This article documents my rather fruitless quest to model the probability distribution of the number of turns (throws of the dice) required to complete a Snakes and Ladders game, not just for one specific board, but for any board that fits the model. I hope by writing it up, like explaining to someone else I'd get an insight and solve it soon.

For simplicity and generality, the board is modelled using (only[2]) four parameters $$(n, f, p, q)$$ where:

• $$n$$ is the number of tiles on the board.
• $$f$$ is the number of tiles to move backwards by if a snake is encountered and also the number of tiles to will move forwards by if a ladder is encountered[1].
• $$p$$ is the probability of a tile being the head of a snake.
• $$q$$ is the probability of a tile being the start of a ladder.

Strictly speaking, the last two parameters are not really probabilities in the sense of the word. The probability of a tile being a snake, ladder, or blank is dependent on the type of previous tile that led to the current tile. If it was a snake or a ladder, the next tile would definitely be blank, because the top of a ladder cannot lead to another ladder or snake, and similarly for the tail of a snake. Otherwise:

• if the number on the current tile $$\gt f$$:
• $$p$$ of being a snake.
• $$q$$ of being a ladder.
• $$1 - p - q$$ of being blank.
• otherwise:
• $$q$$ of being a ladder.
• $$1 - q$$ of being blank.

So the resultant decision tree can be recursively traversed and defined using the following algorithm. For succintness I'll write the code for the case where we model $$(N, 10, 0.1, 0.1)$$, but it is easy to generalise for all cases:

def traverse(p, n, prev, N, turns):
if n >= N:
yield p, turns
return
m = 1.0
if prev == BLANK:
m = 1 - q  # 1 - q
if n > 10:
m = 0.8  # 1 - p - q
yield from traverse(0.1*p, n-10, SNAKE, N, turns)
yield from traverse(0.1*p, n+10, LADDER, N, turns)
p_dice = 1/6 * p * m
for i in range(1, 7):
yield from traverse(p_dice, n+i, BLANK, N, turns+1)

It is important (we will see why later) that the order of iteration is depth first. Even with the iterative form of the algorithm and the restrictions we've imposed, it is incredibly difficult to traverse the full tree for larger values of $$n$$ without tacking on yet more restrictions. Part of the tree would look like the following:

Regardless of the type of the algorithm; recursive or iterative, a data-structure is needed to store part of the tree. As Figure 1 shows, even with some pruning of the possibilities, the width of the decision tree grows extremely quickly.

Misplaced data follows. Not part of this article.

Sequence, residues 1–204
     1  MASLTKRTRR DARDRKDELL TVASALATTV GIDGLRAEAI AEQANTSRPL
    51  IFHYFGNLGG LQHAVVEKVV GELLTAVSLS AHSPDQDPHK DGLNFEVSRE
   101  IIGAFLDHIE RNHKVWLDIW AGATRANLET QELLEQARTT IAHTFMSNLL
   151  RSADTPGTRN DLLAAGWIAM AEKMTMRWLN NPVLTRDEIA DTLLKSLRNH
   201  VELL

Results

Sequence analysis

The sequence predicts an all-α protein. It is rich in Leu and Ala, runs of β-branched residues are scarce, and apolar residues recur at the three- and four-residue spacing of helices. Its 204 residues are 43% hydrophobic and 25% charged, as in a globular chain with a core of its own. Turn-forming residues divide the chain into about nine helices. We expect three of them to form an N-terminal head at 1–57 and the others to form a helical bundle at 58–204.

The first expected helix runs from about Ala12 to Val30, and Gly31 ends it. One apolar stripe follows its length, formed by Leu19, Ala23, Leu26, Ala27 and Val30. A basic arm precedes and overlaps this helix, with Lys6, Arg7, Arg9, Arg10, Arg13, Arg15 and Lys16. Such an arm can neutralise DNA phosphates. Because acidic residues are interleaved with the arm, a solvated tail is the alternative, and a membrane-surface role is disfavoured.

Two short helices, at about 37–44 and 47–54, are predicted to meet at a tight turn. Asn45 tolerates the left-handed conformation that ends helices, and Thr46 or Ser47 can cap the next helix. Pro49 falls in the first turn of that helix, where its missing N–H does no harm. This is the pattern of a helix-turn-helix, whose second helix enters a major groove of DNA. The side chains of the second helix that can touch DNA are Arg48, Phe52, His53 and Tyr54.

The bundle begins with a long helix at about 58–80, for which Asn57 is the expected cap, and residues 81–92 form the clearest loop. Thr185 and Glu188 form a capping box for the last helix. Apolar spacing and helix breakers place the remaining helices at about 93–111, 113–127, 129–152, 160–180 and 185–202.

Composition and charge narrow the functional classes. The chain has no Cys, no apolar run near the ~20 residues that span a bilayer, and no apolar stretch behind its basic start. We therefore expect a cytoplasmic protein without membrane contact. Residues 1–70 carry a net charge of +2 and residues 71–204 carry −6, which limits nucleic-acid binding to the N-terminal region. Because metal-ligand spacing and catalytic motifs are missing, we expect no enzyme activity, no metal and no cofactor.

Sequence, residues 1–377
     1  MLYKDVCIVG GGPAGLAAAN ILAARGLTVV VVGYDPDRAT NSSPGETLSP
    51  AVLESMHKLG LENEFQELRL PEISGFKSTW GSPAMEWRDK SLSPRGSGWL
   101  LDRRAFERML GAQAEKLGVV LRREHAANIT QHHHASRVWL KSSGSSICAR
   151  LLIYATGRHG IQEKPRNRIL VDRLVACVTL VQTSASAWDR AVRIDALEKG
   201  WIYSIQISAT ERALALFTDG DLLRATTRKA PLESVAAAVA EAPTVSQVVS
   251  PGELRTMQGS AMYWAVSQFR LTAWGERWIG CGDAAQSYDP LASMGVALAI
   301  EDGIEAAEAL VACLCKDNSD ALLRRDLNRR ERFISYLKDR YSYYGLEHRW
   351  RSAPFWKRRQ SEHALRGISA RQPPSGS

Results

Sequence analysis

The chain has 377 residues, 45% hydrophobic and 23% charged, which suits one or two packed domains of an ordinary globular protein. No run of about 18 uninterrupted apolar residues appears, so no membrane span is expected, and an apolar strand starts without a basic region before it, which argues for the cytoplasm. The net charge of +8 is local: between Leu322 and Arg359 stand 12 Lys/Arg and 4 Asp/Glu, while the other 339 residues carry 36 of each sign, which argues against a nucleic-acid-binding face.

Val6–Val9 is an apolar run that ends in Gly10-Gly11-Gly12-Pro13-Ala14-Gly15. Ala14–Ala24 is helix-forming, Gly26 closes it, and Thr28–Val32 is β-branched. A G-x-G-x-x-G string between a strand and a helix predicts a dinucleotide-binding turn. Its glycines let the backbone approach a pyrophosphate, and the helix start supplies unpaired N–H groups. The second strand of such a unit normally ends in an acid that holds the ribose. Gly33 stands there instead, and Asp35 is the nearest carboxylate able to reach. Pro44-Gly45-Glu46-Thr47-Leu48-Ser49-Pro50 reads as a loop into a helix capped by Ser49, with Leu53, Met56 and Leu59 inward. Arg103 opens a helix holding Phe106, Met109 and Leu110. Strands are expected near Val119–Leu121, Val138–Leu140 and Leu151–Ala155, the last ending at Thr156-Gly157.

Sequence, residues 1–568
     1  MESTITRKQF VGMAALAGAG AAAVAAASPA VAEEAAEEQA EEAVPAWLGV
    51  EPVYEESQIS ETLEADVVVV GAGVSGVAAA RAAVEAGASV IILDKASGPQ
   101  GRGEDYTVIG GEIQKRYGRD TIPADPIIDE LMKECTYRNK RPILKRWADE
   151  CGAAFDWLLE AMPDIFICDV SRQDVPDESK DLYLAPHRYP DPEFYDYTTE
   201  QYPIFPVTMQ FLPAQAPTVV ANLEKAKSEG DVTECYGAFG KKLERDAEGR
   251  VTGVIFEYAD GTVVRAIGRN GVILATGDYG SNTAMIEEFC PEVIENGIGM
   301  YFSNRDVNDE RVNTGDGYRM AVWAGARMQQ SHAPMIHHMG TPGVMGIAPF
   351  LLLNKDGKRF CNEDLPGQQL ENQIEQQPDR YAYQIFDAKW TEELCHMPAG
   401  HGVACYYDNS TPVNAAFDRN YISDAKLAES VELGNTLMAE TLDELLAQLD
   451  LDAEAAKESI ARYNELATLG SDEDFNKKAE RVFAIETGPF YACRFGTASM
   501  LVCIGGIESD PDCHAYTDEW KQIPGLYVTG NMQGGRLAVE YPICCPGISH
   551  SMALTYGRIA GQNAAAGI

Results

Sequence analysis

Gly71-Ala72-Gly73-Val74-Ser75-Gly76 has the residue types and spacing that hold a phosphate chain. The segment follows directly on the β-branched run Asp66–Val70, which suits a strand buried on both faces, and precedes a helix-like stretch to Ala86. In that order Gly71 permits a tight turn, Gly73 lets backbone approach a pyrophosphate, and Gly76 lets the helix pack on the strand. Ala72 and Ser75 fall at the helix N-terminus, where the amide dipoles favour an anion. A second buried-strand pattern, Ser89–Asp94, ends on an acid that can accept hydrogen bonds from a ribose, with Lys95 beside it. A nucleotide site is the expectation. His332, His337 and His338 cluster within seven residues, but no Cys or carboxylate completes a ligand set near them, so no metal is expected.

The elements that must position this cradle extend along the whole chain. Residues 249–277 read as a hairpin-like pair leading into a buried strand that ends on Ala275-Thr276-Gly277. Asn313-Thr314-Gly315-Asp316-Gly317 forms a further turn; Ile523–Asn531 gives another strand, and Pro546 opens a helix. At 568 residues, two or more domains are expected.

Therefore if we choose breadth first iteration our memory cost would be very large – growing at the rate of at least $$6^d$$, where $$d$$ is the current depth of the tree.

However if we only choose to store the nodes depth first, remembering that we don't have to store the full tree, we can bound the memory usage by imposing a hard limit on the depth of the tree[3].

In the program I wrote, such a limit does exist, though admittedly, it is chosen arbitrarily depending on my patience. Even with so many limits imposed, it is still time consuming to find the probability distribution due to the sheer width of the decision tree. The iterative, LIFO stack-based Go version is the following:

import "fmt"

type config struct {
Snake  float64
}

type event struct {
p         float64
n         int
prevBlank bool
turns     int
depth     int
}

func pspace(P config, maxTile, maxDepth int) map[int]float64 {
h := map[int]float64{}
Q := []event{{1.0, 1, false, 0, 0}}
var ev event
for len(Q) > 0 {
ev, Q = Q[len(Q)-1], Q[:len(Q)-1]
if ev.n >= maxTile {
h[ev.turns] += ev.p
continue
}
if ev.depth >= maxDepth {
h[-1] += ev.p
continue
}
t := ev.depth + 1
p := 1.0
if ev.prevBlank {
if ev.n > 10 {
p = 1 - P.Ladder - P.Snake
Q = append(Q, event{ev.p * P.Snake, ev.n - 10, false, ev.turns, t})
}
Q = append(Q, event{ev.p * P.Ladder, ev.n + 10, false, ev.turns, t})
}
pDice := ev.p * p * (1 / 6.0)
for i := 0; i < 6; i++ {
Q = append(Q, event{pDice, ev.n + i + 1, true, ev.turns + 1, t})
}
}
return h
}

At this point I've pretty much tried every thing I know that would affect the running time of the algorithm; for instance I originally wanted to use the Fraction class in Python to get exact probabilities, now I'm more than happy if I even get any probabilities. I managed to extract the following gem, for $$(20, 10, 0.1, 0.1)$$ with a maximum depth of 11.

$$n$$$$\Pr[{\text{turns}=n}]$$cumulative
$$2$$$$0.060000000000000026$$$$0.060000000000000026$$
$$3$$$$0.14207407407407407$$$$0.2020740740740741$$
$$4$$$$0.1641989197530908$$$$0.36627299382716494$$
$$5$$$$0.21107717849789398$$$$0.5773501723250589$$
$$6$$$$0.1755133581316801$$$$0.752863530456739$$
$$7$$$$0.10296277771903693$$$$0.855826308175776$$
$$8$$$$0.057477264335094154$$$$0.9133035725108701$$
$$9$$$$0.031955757099463473$$$$0.9452593296103337$$
$$10$$$$0.01413115919648122$$$$0.9593904888068149$$
$$11$$$$0.00012099234715204245$$$$0.9595114811539669$$
$$\infty$$$$0.040488518840564605$$$$0.9999999999945315$$

But I yet to give up all hope! There are still a couple of tricks that I have not used to squeeze out all possible performance. Some possible things I have in mind include:

Taking a cue from the very clever Hashlife algorithm, I should start thinking about hashing the subtrees (and looking into how to do it without exploding in memory usage) to see if I get any performance benefits from not having to re-evaluate the repeated paths.

Maybe memoization or using a dynamic programming method would also help the algorithm perform much better in this case. The exact, final probabilities change each time (which may be non-trivial to manage), but the tree and the possible paths remain the same; pre-computing the trees may help.